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Uniting Nations Cup 2012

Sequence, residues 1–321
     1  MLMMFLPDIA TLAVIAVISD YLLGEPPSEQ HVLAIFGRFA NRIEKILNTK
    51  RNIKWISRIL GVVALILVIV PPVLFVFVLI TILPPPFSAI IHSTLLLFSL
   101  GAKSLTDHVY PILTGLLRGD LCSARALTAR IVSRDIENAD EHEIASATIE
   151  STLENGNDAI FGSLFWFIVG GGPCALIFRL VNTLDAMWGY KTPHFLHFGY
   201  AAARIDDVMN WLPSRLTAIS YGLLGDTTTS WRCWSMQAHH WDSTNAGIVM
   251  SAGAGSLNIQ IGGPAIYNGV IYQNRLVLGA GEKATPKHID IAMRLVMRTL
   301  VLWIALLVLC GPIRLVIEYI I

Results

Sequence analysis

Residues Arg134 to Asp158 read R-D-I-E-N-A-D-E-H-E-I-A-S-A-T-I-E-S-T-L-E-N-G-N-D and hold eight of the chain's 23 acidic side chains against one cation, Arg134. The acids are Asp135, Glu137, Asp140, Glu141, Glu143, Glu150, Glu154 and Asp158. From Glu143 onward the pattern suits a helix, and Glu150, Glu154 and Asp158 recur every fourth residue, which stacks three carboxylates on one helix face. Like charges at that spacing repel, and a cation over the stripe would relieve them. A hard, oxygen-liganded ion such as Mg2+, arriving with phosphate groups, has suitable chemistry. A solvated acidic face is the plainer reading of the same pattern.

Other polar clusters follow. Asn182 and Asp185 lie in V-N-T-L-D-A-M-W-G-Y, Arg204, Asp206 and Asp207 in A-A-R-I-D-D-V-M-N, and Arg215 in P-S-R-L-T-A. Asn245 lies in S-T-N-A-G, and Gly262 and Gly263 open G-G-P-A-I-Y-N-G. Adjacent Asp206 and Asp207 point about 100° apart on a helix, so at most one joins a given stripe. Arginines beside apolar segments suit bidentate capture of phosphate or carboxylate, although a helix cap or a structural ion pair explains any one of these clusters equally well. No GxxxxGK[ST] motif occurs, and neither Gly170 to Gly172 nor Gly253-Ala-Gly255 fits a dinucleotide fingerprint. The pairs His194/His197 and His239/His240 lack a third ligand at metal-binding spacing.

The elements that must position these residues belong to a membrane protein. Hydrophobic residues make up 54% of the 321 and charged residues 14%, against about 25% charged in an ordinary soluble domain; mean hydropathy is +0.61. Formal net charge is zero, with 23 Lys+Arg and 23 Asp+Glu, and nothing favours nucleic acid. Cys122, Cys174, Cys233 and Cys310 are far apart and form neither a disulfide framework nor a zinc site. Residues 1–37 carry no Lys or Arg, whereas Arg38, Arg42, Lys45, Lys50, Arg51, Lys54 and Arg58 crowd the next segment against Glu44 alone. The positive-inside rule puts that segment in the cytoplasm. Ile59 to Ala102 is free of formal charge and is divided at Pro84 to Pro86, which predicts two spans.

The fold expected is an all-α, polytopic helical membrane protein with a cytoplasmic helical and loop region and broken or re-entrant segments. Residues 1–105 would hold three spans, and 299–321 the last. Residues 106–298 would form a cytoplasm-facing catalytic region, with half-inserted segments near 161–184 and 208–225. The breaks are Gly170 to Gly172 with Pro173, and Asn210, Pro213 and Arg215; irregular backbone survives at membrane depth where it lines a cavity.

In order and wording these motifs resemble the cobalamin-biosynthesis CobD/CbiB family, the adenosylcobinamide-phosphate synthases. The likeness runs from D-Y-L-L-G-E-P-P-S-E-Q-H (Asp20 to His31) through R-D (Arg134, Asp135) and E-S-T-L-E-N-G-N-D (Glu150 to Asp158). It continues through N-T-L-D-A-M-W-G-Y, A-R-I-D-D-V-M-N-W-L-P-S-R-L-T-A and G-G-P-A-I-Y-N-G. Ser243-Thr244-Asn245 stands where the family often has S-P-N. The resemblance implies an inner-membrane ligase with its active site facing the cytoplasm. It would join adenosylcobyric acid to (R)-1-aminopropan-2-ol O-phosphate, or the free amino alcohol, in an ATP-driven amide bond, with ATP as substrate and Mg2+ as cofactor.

Scottsdale amateur Patrick Gravelin was in the middle of a match in last year’s inaugural Uniting Nations Cup when he suddenly got caught up in his surroundings. Gravelin was representing his country in the Ryder Cup style competition against Mexico, but he was having a hard time focusing on golf. He found himself transfixed on the Sea of Cortez, which nearly splashes against Peninsula de Cortez golf course in Puerto Peñasco, Mexico. “I just caught myself standing and watching that sea,” he said. “It was the bluest blue I’d ever seen and it was so quiet and calm. It was awesome.” Gavelin and 47 other U.S. amateurs return to the picturesque Mayan Palace golf resort in Puerto Peñasco, May 17-20, for the second Uniting Nations Cup. Gravelin and his partner, Don Raley of Phoenix, didn’t win either of their team best-ball matches, but the U.S. team of professionals and amateurs fared better—winning the overall competition from their neighbors to the south, 56-44. The UNC was dreamed up a few years ago to highlight the alliance between the U.S. and Mexico beyond the countries commercial and cultural ties. In its first year, tournament director Vito Berlingeri said the UNC exceeded all expectations. “We utilized golf as an ambassador,” he said. “What developed was way beyond our expectations. Golf brought the two countries together.” Last year’s opening ceremonies were attended by several dignitaries, including Guillermo Padres Elias, Governor of Sonora, Mexico and Bob Walkup, Mayor of Tucson. This year’s tournament, organized by the Arizona Golf Assn., won’t include professionals. But despite a lackluster economy, the tournament has been thriving–adding sponsors almost daily. Bose, Zagas, Johnson Controls and the Puerto Peñasco Tourist Board are just a few of the big names to have signed on. The Mayan Palace’s Peninsula de Cortez course has landed a few big tournaments since it opened six years ago, including the Pac-10 women’s championships in 2009. Vidanta Golf, which operates the Peninsula course and four others in Mexico, plans to have the UNC on its calendar every May. “Our strategic plan is to lift the tournament’s profile in each subsequent year,” said Jesus Torres, director of Vidanta Golf. “We have high hopes that the Uniting Nations Cup tournament will be entrenched in the future as one of the most desirable events in the region.” The course, co-designed by Jack Nicklaus and Jack Nicklaus II, is 7,100-yards long and the par-72 layout is one of the most challenging and breathtaking in Mexico. In typical Nicklaus fashion, golfers will see the good in seven seaside holes, the bad in sloped greens, uneven fairways and thick rough and the ugly in blind shots, pot bunkers and stiff breezes. Raley almost didn’t see any of Peninsula de Cortez last year. A week before the UNC, he was in a hospital bed with intestinal blockage, awaiting an operation. “I told myself there was no way I was going to miss playing for my country and missing a chance to play this course,” said Raley, who plays out of Pinewood Country Club near Flagstaff. “Somehow, things cleared up and I was able to play without having to go through an operation.” Raley and Gravelin described the three days of matches against their opponents from Hermosillo as friendly, but intense. “It could have been even friendlier, but neither of us spoke Spanish and they didn’t speak much English,” Gravelin said. “That’s a shame because I would have liked to learn more about what they do for a living.” While there were plenty of laughs and calls of “bueno” when a good shot was executed, Gravelin said the goodwill didn’t extend to short putts. “We didn’t give any and we didn’t get any,” he said. Tournament notes: For current tournament information, visit http://unitingnationscup.com. The Mayan Palace resort offers three nights lodging, four days of unlimited golf and all meals for under $400 per person. A two-night package is priced under $300. For more information and details, please email: [email protected]